In the world we all have differences of opinion and for some reason or the other; we are having quarrels and fighting at individual, group and international levels.  There is no point in damaging each other’s property and/or destroying each other. Idea should be to live, to let live and to forgive others.  This book demonstrates as to how forgiveness, when approached correctly, gives more benefits to the forgiver.  This book is considered useful for those persons who have been deeply hurt by others and have deep feelings of anger, depression and resentment.

Salini: How do you juggle your day-job and book reviewing? (If you are a part-time reviewer)

VK: I have all along been a part time book-reviewer.  When I was in full-time Industrial/Managerial Government service, it was difficult for me to find sufficient time for the writing work. However, after my retirement, I could get more time for writing work, in spite of my other engagements in several fields/areas. But, I am not taking my involvement in reviewing and other writing works as a job.  Since I have some free time, I have found the work interesting and it makes me happy, so I have been continuing this work.

Salini: Are you strictly a reviewer, or do you write too? If yes, where can we read you? (Website links/published articles)

VK: I have never been strictly a book-reviewer, as I have also been an author and a writer, besides having a full time technical-managerial job earlier. My Six technical/managerial books have been jointly published. About 175 (out of which 146 are in English) articles/case studies/book-reviews/interviews (in Eng. & Hindi) published in India & 10 abroad, mainly connected with Management & Quality control, 24 Radio talks broadcast over AIR Pune, Jabalpur & Jaipur. Abstracts/book-reviews of  about 1200 books & articles of magazines and newspapers posted on a web site & 60 blogs posted on other web sites. It is interesting to note that some of my book-reviews are in Hindi for the books in Hindi language reviewed by me.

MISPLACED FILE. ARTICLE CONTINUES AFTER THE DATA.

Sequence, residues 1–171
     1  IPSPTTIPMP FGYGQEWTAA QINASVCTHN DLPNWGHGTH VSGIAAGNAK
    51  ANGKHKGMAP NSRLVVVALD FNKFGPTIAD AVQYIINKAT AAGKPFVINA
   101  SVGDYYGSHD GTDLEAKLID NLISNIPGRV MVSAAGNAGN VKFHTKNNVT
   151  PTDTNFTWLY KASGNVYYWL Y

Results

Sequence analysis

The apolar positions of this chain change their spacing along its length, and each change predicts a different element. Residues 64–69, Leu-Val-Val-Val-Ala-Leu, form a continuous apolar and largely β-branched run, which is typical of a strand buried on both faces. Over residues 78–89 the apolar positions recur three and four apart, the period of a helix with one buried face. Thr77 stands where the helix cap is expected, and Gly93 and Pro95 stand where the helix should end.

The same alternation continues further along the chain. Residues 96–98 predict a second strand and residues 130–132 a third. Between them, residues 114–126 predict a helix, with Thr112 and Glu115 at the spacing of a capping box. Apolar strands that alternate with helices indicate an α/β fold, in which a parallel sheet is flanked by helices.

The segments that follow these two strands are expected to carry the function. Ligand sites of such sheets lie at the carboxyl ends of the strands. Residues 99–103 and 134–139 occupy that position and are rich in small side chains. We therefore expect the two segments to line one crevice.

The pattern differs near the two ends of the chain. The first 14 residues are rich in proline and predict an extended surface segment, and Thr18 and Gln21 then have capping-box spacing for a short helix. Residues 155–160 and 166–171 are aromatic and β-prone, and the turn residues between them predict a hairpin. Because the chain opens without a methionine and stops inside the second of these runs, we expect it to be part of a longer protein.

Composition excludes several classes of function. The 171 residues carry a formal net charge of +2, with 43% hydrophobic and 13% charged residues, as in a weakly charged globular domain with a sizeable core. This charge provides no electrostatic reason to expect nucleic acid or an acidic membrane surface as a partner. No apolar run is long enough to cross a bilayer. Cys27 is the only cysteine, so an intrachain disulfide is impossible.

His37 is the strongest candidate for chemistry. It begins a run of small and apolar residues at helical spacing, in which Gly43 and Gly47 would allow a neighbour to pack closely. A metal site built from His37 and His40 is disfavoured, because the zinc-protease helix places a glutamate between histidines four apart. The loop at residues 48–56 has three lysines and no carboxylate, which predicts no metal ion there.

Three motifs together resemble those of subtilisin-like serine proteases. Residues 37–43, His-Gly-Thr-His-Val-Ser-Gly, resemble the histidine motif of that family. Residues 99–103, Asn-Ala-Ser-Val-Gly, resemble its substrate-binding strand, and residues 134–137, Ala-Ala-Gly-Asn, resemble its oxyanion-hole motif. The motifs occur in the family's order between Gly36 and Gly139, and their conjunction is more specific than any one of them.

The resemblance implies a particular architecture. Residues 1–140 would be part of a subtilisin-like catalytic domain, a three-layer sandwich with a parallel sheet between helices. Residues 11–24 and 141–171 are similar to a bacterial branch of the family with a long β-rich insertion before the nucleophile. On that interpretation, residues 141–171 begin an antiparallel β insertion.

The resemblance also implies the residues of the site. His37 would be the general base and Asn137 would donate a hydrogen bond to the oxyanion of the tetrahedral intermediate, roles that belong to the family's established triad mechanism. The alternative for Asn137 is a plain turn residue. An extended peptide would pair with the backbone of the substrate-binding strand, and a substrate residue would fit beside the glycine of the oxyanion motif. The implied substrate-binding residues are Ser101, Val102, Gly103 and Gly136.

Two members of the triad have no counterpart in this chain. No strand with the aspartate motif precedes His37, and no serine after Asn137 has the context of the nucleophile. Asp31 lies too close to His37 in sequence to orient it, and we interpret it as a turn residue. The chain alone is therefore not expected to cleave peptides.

Salini:  From a reviewer to a writer, please give me a generic tip to become a better writer.

VK:  Besides the writer, several other persons are also involved in this field like editor, proof reader, cover designer, marketing manager etc. For a reviewer turned writer, either in addition or just a writer, his responsibility becomes more. He is now expected to incorporate his experience of reviewing the works of other authors, in his proposed book. It is expected from him that supposing he would have reviewed his own book, what would have been his observations (self-criticism) and he is expected to take care of these observations, beforehand, while writing the book. It is well known that to criticize others is easy but to actually do a thing is very difficult.

Vijai’s Social Media Handles

Vijai’s Blogs




One thought on “A Latte with Literati- Vijai Kumar Sharma

Add yours

  1. I express my thankfulness to Ms. Salini Vineeth for inviting me for arranging this chat with me. I am delighted with the posting of this chat on her website. I wish her continued success in her writing career.